Summary: Although unusual by todays standards, fasting unleashes the power of God in our prayer life.
During the summer weï¿½ve been going through the book of Acts. Do yourself a favor and read the book of Acts this summer to remind yourself about the power and work of the Holy Spirit. When the Spirit moves, things never remain the same, people are never the same, churches are never the same. The Spirit hasnï¿½t changed but often our reliance upon the Spirit, and following the Spirit into uncharted territory does. We need to raise our vision for what God can do in the life of the church. That the Spirit would use us and work in our lives to save the lost, heal the broken, free the captive. Last week we focused on how, when the early Christians prayed together, the power of the Holy Spirit was evident, things changed because Godï¿½s people prayed together. Yet, there is another aspect of prayer, a partner to prayer, which we often overlook because it doesnï¿½t sound very funï¿½fasting.
If youï¿½re like I was, you read right past passages on fasting without even giving it a second thought. I used to argue, ï¿½Fasting just doesnï¿½t make any sense. Why would God want us to starve ourselves? Isnï¿½t food a gift from God that should be appreciated and enjoyed? Isnï¿½t it unhealthy to fast? Donï¿½t we hear of how bad these starvation diets are for our bodies?ï¿½ Yet even with all my arguments I couldnï¿½t get around the fact that Jesus prayed AND fasted, his disciples prayed AND fasted, the early Christians prayed AND fasted. In fact in our passage this morning it is mentioned twice, the Christians in Antioch were worshipping AND fasting when the Holy Spirit spoke, and they continued to pray AND fast before sending off Barnabas and Saul to the mission work the Spirit called them to do. We read later while Barnabas and Saul were on their mission trip they likewise prayed and fasted when they were selecting the leadership in the churches they started. Even with all my arguments, like ï¿½it was just some sort of old fashioned practice,ï¿½ or ï¿½It may have been good for people in the Bible but not for me.ï¿½ Yet, I couldnï¿½t get around the results of fasting and praying either. And I wondered, by ignoring fasting along with my praying am I limiting the work of Godï¿½s Spirit in my life and the church?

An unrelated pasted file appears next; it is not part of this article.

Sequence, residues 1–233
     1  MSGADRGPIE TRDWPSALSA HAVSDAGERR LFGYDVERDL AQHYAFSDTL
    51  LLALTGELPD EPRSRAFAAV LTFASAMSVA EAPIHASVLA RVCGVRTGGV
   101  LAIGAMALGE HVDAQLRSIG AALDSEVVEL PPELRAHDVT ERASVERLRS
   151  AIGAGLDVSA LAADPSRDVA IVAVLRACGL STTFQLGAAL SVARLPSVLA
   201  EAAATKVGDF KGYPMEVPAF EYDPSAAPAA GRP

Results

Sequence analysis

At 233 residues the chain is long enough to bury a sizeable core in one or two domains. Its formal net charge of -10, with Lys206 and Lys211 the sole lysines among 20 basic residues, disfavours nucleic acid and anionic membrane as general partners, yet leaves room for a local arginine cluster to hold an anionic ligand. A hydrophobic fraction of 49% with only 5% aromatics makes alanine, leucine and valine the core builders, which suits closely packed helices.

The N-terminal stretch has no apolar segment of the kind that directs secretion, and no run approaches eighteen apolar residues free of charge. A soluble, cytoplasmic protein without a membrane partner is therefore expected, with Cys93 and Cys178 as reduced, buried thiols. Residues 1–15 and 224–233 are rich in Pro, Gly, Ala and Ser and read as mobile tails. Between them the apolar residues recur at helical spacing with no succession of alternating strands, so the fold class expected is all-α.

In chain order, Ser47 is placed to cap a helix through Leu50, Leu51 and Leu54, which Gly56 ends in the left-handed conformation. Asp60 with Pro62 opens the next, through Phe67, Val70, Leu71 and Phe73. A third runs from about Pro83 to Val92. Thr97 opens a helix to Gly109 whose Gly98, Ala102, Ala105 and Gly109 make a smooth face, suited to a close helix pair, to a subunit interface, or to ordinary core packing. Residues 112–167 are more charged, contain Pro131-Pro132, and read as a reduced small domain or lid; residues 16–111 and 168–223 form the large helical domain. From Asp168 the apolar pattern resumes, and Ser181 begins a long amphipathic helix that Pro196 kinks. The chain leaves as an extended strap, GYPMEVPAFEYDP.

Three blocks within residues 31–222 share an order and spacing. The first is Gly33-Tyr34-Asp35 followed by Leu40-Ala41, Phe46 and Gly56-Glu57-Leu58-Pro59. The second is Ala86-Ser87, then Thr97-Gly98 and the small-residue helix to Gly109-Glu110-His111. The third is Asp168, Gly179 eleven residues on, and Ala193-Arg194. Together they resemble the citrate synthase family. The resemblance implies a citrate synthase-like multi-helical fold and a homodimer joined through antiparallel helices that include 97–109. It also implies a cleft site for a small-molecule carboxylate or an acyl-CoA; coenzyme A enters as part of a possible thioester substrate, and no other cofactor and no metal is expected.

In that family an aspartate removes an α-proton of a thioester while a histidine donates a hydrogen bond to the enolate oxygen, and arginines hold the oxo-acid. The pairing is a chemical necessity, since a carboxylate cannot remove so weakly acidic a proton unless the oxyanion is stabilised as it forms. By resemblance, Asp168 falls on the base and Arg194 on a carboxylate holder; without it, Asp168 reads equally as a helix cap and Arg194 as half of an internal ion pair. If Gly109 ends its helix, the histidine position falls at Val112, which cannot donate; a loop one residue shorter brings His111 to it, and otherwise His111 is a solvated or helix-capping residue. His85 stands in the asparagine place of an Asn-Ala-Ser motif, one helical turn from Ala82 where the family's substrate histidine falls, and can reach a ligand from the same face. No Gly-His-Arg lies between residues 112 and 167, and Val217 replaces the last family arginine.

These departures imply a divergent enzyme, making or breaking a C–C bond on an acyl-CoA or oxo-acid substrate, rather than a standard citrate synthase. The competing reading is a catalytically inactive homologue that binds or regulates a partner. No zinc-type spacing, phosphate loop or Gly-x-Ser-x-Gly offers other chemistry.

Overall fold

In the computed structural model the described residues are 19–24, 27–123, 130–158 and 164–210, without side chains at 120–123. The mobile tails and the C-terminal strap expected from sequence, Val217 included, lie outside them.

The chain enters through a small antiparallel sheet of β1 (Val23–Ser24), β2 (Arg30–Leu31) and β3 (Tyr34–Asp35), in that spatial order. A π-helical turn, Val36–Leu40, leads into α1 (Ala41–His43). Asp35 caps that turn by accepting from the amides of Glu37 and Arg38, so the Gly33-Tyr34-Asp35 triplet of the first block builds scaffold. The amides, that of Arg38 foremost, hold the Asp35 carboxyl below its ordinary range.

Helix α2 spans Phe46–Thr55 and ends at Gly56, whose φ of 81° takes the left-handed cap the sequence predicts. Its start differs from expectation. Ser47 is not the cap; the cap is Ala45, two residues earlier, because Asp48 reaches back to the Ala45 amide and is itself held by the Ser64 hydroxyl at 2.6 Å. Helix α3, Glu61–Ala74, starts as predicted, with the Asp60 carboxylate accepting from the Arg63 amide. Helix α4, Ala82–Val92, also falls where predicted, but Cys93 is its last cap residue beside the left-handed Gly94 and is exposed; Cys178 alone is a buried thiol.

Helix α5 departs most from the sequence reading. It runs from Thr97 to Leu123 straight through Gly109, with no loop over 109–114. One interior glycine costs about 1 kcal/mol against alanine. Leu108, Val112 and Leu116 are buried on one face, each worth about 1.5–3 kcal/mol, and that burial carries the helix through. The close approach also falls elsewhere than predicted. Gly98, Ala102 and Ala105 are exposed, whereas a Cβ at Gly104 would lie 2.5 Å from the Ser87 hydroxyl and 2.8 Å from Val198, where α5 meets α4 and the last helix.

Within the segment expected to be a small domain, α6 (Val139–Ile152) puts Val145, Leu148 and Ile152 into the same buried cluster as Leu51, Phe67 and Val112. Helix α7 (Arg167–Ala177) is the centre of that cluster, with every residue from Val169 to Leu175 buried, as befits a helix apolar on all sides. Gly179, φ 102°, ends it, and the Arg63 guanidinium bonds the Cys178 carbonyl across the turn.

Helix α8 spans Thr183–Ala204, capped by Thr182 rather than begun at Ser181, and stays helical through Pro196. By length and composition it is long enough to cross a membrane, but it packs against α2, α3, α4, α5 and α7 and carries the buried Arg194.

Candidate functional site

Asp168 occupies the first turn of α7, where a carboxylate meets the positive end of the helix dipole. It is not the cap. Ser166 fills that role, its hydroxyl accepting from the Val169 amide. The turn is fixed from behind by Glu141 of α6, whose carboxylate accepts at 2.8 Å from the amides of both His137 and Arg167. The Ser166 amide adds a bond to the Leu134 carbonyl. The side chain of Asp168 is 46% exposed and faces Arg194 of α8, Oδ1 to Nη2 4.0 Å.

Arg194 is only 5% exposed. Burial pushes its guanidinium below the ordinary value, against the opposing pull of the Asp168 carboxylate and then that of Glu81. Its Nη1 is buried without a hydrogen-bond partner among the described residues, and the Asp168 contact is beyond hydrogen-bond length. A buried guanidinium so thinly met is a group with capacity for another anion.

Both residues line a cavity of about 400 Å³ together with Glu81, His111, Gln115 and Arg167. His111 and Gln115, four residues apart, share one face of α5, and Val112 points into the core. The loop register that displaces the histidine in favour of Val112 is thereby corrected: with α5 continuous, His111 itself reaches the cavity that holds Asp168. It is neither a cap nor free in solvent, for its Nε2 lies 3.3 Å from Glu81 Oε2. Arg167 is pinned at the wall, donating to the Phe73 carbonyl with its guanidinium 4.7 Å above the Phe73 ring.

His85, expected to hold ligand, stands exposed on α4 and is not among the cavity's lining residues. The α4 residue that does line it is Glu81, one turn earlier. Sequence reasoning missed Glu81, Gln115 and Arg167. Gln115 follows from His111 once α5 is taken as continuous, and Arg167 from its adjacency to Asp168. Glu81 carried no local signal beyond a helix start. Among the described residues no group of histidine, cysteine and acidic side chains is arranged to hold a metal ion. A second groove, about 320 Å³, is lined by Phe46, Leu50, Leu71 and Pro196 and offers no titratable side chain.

Then I came to find out that John Wesley, the founder of the Methodists, urged Methodists to fast and pray every Wednesday and Friday (the traditional days for fasting even in Jesusï¿½ day), and he wouldnï¿½t ordain a Methodist pastor unless he agreed to fast and pray on these days. During his life time the Methodist movement helped bring revival to Great Britain and then to America. Again I canï¿½t help but wondering if we are missing something when we ignore fasting as a spiritual discipline. Even recently I have been hearing from pastors at Cornerstone UMC in Grand Rapids and Gary Step at Indian River who have been sharing their rediscovery of the spiritual practice of fasting, and how God has been blessing them as a result.
Fasting is a voluntary reducing or eliminating your intake of food for a specific amount of time. Perhaps you are wondering like I did, why would God want us to starve ourselves? Itï¿½s not that God wants you to starve, and quite honestly I doubt youï¿½ll be worse for the wear if you do fast (if you know what I mean, that is unless you have some medical condition like diabetes). But fasting has long been a spiritual practice first by Jews then by many Christians because it forces us to forgo the physical so we can focus on the spiritual. By fasting we are passing on a physical nourishment to rely on spiritual nourishment from God and not on the things of this world. When we fast we are humbling ourselves before him and we are depending upon God for our strength. If you think this sounds crazy, consider Jesusï¿½ words to the devil when the devil tempted him with food after he had fasted in the desert/wilderness for 40 days, Jesus replied to the devil, ï¿½man does not live on bread alone but on every word that proceeds from the mouth of God.ï¿½ On another occasion Jesus hadnï¿½t eaten anything for quite a while and his disciples tried to get him to eat, but Jesusï¿½ response was, ï¿½I have food to eat that you know nothing about.ï¿½ ï¿½My foodï¿½ is to do the will of him who sent me and to finish his work (John 4:32, 34).ï¿½
Fasting does not have to just be abstaining from food though. It could be abstaining from anything worldly, things of this earth, so we can focus on the things of the Spirit. It could be abstaining from watching television, eating certain kinds of food (i.e. comfort foods like snacks, desserts, ice cream or chocolate or chips), or withdrawing from certain actions like gossip, complaining, being cynical, . The spiritual benefits are directly related to the type of fast. Whatever kind of fast God might call us to do we should use the time we would have spent doing that activity with God. Just because you arenï¿½t eating doesnï¿½t make it any more spiritual. For example, you might fast from food when you go in for surgery but that doesnï¿½t make it a means of grace, when we spend that time focusing on God in prayer or reading Scripture is when it is spiritual and God multiplies his grace.